Krystyna Barnard
March 9, 2020

Lucy Spalluto, MD, MPH, Associate Professor of Radiology and Vice Chair of Health Equity, was recently awarded a $50,000 grant through the Vanderbilt-Ingram Cancer Center (VICC) Donna and Frank Delfino Caring Hearts Fund for her study, “Breast cancer Risk Assessment: achieVing Equity in Breast cancer outcomes in the public health setting (BRAVE).” 

The award was established in 2018 by the Delfinos in honor of Ana Grau, MD, FACS, VICC Associate Professor of Surgery (Surgical Oncology), and her commitment to providing outstanding clinical care. Grants awarded through this fund support projects that assist underserved and socioeconomically disadvantaged patients. Funding for Dr. Spalluto’s project will be effective for one year beginning March 1, 2020. 

The goal of the BRAVE study is to reduce breast cancer disparities amongst young black women through implementation of a breast cancer risk assessment tool in the public health setting. Once implemented, the tool will be used to inform young women of their personal breast cancer risk so that providers can offer guideline-based early and supplemental screening for those considered high risk.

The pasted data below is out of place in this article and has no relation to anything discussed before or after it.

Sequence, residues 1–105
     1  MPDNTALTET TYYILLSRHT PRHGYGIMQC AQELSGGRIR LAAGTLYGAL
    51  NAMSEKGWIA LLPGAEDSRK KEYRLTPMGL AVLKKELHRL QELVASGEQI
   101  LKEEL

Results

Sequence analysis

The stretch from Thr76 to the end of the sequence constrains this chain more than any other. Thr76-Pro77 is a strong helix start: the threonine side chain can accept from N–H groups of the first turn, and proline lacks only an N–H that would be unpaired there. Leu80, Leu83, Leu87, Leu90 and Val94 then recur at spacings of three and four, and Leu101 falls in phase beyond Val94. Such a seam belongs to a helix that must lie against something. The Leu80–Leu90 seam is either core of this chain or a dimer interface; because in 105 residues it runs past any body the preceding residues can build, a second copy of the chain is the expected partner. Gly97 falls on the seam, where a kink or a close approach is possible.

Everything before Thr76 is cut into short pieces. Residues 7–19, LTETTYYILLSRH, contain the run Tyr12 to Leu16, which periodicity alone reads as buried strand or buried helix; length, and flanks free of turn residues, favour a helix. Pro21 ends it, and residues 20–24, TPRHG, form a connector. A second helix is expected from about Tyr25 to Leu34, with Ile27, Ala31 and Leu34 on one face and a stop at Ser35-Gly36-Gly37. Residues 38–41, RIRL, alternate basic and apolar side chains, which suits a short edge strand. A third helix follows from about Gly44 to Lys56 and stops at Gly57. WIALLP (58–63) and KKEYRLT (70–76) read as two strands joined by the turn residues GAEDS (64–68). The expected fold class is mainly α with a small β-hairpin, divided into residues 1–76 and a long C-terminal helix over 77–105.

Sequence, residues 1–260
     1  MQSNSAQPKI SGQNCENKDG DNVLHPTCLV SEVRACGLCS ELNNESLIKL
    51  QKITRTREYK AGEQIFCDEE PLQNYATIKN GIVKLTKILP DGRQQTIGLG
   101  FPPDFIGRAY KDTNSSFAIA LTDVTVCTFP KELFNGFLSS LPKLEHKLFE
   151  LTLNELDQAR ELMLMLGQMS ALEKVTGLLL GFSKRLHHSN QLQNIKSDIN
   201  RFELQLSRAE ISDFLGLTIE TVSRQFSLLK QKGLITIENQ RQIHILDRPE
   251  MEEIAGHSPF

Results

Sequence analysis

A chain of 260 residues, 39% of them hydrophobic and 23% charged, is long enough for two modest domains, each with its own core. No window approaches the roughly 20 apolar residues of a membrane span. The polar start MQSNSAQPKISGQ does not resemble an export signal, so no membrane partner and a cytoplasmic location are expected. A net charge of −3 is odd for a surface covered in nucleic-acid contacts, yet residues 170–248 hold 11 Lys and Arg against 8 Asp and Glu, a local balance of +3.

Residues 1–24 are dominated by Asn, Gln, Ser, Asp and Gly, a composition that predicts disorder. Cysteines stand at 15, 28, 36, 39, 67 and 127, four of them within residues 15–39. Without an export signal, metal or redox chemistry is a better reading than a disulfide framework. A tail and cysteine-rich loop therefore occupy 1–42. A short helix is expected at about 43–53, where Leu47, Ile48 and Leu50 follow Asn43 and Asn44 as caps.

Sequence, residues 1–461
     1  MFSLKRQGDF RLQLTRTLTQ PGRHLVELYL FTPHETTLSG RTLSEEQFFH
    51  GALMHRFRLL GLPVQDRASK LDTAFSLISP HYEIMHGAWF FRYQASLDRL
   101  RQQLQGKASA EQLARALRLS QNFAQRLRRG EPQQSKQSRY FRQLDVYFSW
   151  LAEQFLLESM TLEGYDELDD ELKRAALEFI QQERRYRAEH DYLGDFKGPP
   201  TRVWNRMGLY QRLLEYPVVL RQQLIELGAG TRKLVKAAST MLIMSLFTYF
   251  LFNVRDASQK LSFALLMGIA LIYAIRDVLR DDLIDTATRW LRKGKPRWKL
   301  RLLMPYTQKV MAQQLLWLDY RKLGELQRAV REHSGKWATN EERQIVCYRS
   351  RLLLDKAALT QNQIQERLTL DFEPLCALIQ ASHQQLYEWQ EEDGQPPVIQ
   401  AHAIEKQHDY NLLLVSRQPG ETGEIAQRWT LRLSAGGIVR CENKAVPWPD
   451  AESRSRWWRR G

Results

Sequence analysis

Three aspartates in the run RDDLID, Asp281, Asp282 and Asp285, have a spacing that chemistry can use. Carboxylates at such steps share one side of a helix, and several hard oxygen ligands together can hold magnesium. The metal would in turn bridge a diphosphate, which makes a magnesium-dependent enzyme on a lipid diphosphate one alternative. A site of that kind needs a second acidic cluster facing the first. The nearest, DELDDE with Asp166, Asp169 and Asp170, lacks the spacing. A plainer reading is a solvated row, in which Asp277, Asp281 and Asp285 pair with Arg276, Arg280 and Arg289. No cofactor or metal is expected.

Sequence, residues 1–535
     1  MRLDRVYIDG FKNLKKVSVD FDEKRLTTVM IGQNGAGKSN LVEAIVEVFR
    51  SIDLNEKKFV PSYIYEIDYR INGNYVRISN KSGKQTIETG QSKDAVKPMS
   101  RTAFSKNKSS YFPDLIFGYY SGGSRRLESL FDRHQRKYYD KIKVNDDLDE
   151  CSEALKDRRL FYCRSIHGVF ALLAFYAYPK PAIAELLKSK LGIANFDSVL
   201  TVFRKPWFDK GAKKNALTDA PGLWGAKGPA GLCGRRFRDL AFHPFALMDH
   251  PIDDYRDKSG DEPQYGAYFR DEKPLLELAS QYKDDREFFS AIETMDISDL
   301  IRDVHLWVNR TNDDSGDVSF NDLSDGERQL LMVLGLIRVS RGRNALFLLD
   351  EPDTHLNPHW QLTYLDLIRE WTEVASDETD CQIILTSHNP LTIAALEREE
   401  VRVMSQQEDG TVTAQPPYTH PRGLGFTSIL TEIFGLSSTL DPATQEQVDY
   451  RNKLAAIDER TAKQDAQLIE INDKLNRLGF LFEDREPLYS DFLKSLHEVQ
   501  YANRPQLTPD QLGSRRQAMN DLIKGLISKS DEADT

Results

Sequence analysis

“Young black women are two times more likely to die from breast cancer than young white women,” said Dr. Spalluto. “This is partially due to delays in cancer diagnosis and treatment, as well as the more aggressive types of breast cancer often seen in black women.” 

While risk assessment tools of this kind already exist, Dr. Spalluto says they are not regularly used for young women in the public health setting. The BRAVE team will partner with colleagues from Vanderbilt and the Nashville community to develop and evaluate appropriate methods to incorporate breast cancer risk assessment in the public health setting. 

Collaborators on the project include Vanderbilt colleagues, Drs. Tuya Pal, Pamela Hull, Sonya Reid and Katie Davis. Community partners Crissy Hartsfield, Director of the Tennessee Breast and Cervical Screening Program; and Katina Beard, Chief Executive Officer at the Matthew Walker Comprehensive Health Center, are also key stakeholders.  

“This award provides a tremendous opportunity to address racial and socioeconomic disparities in breast cancer in our community,” added Dr. Spalluto. “I am incredibly grateful to the Delfinos and the Caring Hearts Fund, and to Drs. Ana Grau and Ingrid Meszoely of the Surgical Oncology team, for this support. I look forward to working with our numerous community partners on this important study.”

Outcomes of the BRAVE study are expected to lay the foundation for ongoing research that will address racial/ethnic, geographic and socioeconomic disparities in breast cancer.